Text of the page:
Update No: 111 - (25/08/06)
Montenegro is a splendid place, just south of Croatia on the
Adriatic with magnificent mountain scenery. It has a great future as a tourist
centre. It may even have huge oil reserves offshore, a secret better kept until
after recently-declared independence in July.
On May 21st, Montenegro voted to break up its union with Serbia, thus becoming
the world's newest independent state. Montenegrins were asked if they wanted to
end their loose union with Serbia, set up in 2003 to replace Yugoslavia. As many
as 55.4 per cent of voters said 'yes'. The pro-independence bloc needed 55 per
cent of the votes cast to ensure victory.
The hope, held both by locals and by foreign investors, is that independence
from Serbia, leaving that country's political isolation behind, will increase
Montenegro's access to foreign funds.
Montenegro has few scruples about financial matters. Monte Carlo is bone fide by
comparison. It is a potential Liechtenstein; it just has to declare itself a tax
haven and it would become a magnet for funds fleeing to the Balkans. Perhaps the
Russian investors busy 'buying it up' have just that in mind? They have shown a
predeliction for exporting their money to small 'Orthodox' destinations. Cyprus
the great beneficiary in the 1990's being the most famous, but now in the EU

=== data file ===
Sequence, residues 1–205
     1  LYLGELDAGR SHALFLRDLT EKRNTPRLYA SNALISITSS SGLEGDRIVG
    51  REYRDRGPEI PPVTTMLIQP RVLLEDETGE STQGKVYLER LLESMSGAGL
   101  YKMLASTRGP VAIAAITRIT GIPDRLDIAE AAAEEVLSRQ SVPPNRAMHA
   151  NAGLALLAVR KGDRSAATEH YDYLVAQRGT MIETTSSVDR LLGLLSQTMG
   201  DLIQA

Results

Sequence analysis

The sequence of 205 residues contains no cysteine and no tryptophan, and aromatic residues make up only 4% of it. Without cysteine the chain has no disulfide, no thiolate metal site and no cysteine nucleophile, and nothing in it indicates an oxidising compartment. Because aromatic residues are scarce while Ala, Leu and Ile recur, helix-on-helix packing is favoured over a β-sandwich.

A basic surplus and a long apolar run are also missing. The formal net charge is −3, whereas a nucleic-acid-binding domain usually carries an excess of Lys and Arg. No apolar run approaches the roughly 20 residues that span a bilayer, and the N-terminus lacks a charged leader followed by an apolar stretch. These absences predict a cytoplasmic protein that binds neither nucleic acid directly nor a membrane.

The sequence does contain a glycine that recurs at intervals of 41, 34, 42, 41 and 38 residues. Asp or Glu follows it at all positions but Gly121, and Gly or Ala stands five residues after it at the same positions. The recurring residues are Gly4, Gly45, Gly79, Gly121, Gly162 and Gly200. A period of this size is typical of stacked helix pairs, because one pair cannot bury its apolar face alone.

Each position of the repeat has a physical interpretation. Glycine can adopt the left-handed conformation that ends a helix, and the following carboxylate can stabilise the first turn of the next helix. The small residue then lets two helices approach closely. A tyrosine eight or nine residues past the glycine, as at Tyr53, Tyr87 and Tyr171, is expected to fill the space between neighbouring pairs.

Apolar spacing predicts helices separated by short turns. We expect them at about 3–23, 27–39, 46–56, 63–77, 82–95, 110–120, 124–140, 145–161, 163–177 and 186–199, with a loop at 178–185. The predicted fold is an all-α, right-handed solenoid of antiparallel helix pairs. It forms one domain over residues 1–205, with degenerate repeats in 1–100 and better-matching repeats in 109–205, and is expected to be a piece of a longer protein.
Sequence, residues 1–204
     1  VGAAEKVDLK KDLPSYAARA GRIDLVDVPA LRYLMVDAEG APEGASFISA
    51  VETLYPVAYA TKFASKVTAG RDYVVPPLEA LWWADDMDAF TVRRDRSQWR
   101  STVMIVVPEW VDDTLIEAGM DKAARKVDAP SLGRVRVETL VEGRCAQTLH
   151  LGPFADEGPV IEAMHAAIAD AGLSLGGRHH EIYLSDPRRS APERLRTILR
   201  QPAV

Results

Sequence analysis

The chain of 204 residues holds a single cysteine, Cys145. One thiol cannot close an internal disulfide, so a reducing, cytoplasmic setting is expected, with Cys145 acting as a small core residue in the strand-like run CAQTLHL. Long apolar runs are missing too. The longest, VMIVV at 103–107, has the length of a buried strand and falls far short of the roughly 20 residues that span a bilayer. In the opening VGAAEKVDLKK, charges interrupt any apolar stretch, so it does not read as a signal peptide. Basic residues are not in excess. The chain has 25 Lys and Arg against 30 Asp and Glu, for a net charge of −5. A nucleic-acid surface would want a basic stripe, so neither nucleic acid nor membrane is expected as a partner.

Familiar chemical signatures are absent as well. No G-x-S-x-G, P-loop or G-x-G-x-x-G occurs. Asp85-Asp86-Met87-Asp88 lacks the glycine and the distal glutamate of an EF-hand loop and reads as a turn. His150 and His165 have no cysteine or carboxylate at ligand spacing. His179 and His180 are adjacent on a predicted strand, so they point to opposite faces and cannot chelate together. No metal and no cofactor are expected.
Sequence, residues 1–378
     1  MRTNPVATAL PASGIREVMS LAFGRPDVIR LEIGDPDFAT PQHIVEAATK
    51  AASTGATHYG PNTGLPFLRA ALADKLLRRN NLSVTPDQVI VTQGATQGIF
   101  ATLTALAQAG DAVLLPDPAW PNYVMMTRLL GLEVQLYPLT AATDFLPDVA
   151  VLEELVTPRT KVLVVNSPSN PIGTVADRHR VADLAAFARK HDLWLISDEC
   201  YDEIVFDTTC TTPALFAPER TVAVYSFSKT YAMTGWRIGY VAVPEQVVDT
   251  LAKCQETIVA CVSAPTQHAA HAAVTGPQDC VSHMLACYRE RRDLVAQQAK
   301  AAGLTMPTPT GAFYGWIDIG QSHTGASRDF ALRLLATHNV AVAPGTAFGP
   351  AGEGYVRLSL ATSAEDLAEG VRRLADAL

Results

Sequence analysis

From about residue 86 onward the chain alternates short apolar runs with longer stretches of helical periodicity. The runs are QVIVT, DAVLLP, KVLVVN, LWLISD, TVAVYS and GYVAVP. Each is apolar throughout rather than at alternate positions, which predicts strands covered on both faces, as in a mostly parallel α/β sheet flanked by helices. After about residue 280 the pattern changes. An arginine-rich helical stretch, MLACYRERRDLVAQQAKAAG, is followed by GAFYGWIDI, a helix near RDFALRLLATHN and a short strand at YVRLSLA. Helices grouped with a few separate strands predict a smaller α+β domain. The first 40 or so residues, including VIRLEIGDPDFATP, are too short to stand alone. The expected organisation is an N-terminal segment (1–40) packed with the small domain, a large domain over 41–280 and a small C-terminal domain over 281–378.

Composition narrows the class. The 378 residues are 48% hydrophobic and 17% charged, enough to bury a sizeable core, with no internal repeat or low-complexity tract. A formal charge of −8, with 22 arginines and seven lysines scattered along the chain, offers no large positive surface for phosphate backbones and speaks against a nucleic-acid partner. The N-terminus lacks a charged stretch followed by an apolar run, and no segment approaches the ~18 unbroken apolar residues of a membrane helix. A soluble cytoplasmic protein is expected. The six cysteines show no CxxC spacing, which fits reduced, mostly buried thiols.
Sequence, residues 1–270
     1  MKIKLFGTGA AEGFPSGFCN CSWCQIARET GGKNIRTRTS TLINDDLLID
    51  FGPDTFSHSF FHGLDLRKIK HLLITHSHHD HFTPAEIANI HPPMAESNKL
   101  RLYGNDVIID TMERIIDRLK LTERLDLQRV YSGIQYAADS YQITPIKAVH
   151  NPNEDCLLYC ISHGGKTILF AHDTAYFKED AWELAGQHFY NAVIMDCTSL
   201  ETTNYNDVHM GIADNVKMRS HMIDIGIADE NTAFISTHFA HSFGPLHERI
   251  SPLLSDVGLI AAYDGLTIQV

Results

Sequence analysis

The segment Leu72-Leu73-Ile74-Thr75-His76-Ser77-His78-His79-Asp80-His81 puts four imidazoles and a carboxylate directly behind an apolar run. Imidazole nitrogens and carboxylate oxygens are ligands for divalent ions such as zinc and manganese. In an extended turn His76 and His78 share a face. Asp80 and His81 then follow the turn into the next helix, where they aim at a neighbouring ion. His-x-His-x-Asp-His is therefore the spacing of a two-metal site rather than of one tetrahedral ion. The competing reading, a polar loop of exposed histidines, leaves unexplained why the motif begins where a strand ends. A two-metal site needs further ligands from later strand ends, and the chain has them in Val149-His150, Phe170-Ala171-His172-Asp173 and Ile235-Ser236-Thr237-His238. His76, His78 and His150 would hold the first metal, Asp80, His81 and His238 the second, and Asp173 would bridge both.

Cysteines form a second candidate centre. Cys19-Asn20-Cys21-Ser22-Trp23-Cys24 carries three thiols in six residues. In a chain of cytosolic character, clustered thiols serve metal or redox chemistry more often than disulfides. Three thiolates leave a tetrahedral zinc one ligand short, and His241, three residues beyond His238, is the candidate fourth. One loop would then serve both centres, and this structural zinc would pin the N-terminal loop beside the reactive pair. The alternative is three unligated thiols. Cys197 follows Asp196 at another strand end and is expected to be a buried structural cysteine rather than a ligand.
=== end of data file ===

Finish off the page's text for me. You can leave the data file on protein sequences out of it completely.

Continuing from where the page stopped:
having to behave itself, in terms of money laundering, etc.
And then there is the tantalizing prospect that it has oodles of oil off its
coast in the Adriatic. Oil reserves there were reported in the late 1990s as
being of the order of one billion barrels, little has been heard of the matter
since, but now that the political issue is resolved…… perhaps a Kuwait
rather than a Liechtenstein is emerging?
The US Agency for International Development and European Agency for
Reconstruction are major contributors of infrastructure-related aid. The EU
beckons as the ultimate destination.
Rehn holds separate talks with Djukanovic, Kostunica
EU Enlargement Commissioner Olli Rehn held separate meetings with the Prime
Ministers of Montenegro and Serbia in late May, focusing on the outcome of
Montenegro's independence referendum and the stabilization & association
negotiations with the European Union.
Montenegrin PM Milo Djukanovic went to Brussels for talks with Rehn and the EU
foreign policy chief Javier Solana. High on the agenda of the talks with EU
senior officials were the results of the referendum in Montenegro, when the
Montenegrins voted to split from Serbia.
Shortly after the vote, the EU said it would respect the will of Montenegrin
citizens, noting that it will open separate negotiations with Podgorica over the